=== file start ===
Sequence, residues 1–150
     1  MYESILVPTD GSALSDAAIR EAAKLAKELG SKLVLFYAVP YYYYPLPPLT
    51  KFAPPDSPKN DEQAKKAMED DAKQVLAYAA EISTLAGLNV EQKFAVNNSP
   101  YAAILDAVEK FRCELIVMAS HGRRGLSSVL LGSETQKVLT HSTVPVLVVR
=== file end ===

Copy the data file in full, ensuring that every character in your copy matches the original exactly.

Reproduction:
Sequence, residues 1–150
     1  MYESILVPTD GSALSDAAIR EAAKLAKELG SKLVLFYAVP YYYYPLPPLT
    51  KFAPPDSPKN DEQAKKAMED DAKQVLAYAA EISTLAGLNV EQKFAVNNSP
   101  YAAILDAVEK FRCELIVMAS HGRRGLSSVL LGSETQKVLT HSTVPVLVVR